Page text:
• Non-disparagement — As with the confidentiality clause, often times employers (and employees) insist that the other party cease from saying negative things about the other.
  • No Rehire – If the employer is settling a dispute from a termination, typically, the employer does not want to have to rehire the employee. This provision provides that the employee agrees that he or she will not seek re-employment and waives any right to be rehired.

This list is far from comprehensive but is a starting point for employers to consider.  There are other standard provisions (governing law, severability, etc) that are also routinely added too.

Although it is a bit dated, there’s still a great checklist of all such provisions in employment settlement agreements that you may also want for your library prepared by Attorney Robert Fitzpatrick. It remains among the more comprehensive lists I’ve seen out there on the subject. It doesn’t have some of the more recent developments (such as Section 409A regarding executive compensation), but it’s a good primer on the subject.

(And another  reminder, please be sure to consult with your legal adviser regarding the drafting or reviewing of a settlement agreement that will fit with your unique legal circumstances.)

Last year, employers were taken aback when a New Jersey court ruled that an employee did have some expectation of privacy of e-mails she sent to her attorney using work computers.  The case, Stengart v. Loving Care Agency became one of the most talked about cases of the year. 

Last week, a California court came out with a decision based on California law that basically said the opposite. The New Jersey Employment Law Blog has this good post describing the key aspect:

Recently, in Holmes v. Petrovich Development Company, the California courts held that an employee who was consulting with counsel in connection with a pregnancy discrimination claim used a company system for privileged communications at her own risk.

[T]he e-mails sent via company computer under the circumstances of this case were akin to consulting her lawyer in her employer‟s conference room, in a loud voice, with the door open, so that any reasonable person would expect that their discussion of her complaints about her employer would be overheard by him. By using the company‟s computer to communicate with her lawyer, knowing the communications violated company computer policy and could be discovered by her employer due to company monitoring of e-mail usage, Holmes did not communicate “in confidence by means which, so far as the client is aware, discloses the information to no third persons other than those who are present to further the interest of the client in the consultation or those to whom disclosure is reasonably necessary for the transmission of the information or the accomplishment of the purpose for which the lawyer is consulted.” (Evid. Code, § 952.) Consequently, the communications were not privileged.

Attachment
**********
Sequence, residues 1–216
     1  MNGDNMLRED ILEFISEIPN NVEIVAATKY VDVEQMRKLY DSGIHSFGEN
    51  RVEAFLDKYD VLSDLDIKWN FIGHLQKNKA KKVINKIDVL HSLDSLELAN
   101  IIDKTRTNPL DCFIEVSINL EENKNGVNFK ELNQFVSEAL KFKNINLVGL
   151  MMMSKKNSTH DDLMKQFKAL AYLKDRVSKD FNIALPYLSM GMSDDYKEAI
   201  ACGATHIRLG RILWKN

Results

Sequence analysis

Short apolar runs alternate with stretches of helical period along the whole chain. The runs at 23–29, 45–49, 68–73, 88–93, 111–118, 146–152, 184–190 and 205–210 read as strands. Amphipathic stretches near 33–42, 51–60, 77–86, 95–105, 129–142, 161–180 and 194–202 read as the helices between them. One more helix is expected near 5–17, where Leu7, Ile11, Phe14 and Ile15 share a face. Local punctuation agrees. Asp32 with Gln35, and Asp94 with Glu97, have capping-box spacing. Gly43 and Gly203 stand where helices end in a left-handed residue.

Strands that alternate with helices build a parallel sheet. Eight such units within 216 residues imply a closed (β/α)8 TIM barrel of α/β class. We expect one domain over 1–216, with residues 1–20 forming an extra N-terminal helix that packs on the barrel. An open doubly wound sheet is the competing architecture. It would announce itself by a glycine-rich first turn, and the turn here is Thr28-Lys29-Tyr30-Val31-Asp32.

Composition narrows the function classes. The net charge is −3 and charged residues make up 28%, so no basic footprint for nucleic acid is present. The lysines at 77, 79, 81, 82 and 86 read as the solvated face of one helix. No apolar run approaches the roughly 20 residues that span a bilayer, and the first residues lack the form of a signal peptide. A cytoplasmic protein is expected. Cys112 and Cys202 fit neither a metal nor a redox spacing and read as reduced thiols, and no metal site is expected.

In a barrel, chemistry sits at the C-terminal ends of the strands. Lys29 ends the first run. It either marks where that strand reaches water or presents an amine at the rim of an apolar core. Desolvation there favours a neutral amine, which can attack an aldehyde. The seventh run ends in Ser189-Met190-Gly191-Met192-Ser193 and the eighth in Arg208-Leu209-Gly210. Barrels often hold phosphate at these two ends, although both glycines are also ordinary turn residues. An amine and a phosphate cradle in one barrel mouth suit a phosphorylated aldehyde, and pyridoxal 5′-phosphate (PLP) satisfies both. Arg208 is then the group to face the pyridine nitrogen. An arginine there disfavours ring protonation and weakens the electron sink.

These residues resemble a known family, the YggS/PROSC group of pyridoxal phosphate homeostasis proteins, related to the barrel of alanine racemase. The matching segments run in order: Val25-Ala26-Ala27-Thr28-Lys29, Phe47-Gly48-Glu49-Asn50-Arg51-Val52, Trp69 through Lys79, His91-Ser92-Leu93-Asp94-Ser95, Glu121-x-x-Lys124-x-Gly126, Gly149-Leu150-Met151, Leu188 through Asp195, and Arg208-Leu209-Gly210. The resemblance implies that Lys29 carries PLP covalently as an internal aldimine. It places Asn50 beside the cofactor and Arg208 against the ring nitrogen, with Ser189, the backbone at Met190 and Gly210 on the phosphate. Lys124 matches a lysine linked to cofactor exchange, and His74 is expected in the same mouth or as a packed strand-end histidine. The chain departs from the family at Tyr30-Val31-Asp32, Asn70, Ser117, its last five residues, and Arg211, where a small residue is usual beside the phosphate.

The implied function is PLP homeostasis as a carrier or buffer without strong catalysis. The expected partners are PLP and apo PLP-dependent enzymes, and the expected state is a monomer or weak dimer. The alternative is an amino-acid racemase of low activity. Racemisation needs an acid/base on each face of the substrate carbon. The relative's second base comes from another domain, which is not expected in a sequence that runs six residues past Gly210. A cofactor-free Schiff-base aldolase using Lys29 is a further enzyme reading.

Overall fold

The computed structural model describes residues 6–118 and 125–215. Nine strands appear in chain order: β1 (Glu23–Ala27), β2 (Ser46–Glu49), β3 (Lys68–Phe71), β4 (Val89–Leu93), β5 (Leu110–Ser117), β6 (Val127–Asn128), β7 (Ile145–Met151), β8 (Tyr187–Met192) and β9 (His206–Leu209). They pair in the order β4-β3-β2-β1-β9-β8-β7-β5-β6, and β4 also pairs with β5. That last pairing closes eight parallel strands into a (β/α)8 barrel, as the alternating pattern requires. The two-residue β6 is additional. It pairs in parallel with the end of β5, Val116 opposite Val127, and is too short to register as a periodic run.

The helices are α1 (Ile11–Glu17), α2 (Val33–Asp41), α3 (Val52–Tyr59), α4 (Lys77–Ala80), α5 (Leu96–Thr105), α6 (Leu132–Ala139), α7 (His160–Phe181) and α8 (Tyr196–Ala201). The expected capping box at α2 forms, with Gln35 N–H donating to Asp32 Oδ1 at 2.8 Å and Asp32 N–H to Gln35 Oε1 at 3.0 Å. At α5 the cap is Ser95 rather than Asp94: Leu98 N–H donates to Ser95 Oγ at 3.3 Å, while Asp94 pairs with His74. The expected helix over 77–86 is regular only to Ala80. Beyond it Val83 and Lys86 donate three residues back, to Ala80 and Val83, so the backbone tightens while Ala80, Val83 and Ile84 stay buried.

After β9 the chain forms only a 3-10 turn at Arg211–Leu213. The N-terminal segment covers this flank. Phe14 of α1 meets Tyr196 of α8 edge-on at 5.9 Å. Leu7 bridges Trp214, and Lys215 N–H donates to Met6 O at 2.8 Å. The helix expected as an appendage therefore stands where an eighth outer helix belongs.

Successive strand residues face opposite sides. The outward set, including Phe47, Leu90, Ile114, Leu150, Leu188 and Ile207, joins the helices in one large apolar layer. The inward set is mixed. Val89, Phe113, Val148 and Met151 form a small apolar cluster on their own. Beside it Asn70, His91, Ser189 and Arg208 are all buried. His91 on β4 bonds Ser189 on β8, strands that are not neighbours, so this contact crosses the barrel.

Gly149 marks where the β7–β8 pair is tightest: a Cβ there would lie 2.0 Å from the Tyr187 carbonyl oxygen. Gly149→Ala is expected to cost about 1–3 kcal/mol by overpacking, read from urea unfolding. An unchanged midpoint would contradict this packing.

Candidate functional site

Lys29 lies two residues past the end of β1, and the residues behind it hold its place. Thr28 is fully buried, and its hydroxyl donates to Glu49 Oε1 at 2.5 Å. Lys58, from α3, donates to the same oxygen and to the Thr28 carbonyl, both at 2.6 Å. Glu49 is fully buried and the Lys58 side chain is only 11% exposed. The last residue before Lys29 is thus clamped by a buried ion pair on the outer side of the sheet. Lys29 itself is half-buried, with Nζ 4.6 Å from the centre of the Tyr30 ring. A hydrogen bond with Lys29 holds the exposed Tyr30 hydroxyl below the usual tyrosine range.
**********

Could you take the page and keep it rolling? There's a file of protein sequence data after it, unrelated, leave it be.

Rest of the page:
What are we to make of this apparent split in how courts are reating the issue (besides differing state laws)? Well I think Frank Steinberg is dead-on with his suggestion for employees. "The question is, Stengart notwithstanding, why would an employee take the foolish risk of compromising the protection provided by the attorney-client privilege by using her employer’s e-mail system? After all, most everyone owns or has access to a personal computer, a wireless phone or Blackberry, on which secure communications can be sent."

For employers in Connecticut, the electronic monitoring statute is a must to know and follow.  I’ve previously covered it in prior posts.  Employees have no private cause of action under it (as the Connecticut Supreme court ruled in Gerardi v. City of Bridgeport, 294 Conn. 461, 985 A.2d 328 (2010) but that doesn’t mean employers can simply ignore it.

Still, courts in Connecticut have not fully adjudicated this issue. As a good summary of this issue said in a recent Connecticut Bar Association newsletter article, "in-house counsel and other attorneys who retrieve privileged information as a result of a search of the employee’s work computer — even if the data is itself “owned” by the employer — should proceed cautiously and comply in all respects with the applicable Rules of Professional Conduct." 

Moreover, employers can review their personal use policies and consider notifying employees that while personal use of computers may be permitted, employees should have no expectation of privacy of such communications. 

Former Hartford resident Mark Twain once wrote: "The Report of My Death Was An Exaggeration".

The same can be said, I believe, of reports from a case out of Florida on confidentiality.  Rick Hayber, who writes the Connecticut Employee Rights Blog, discussed the case earlier this week and asked for my views. In the case, the judge refused to accept a settlement of a class action overtime case because it contained a confidentiality clause.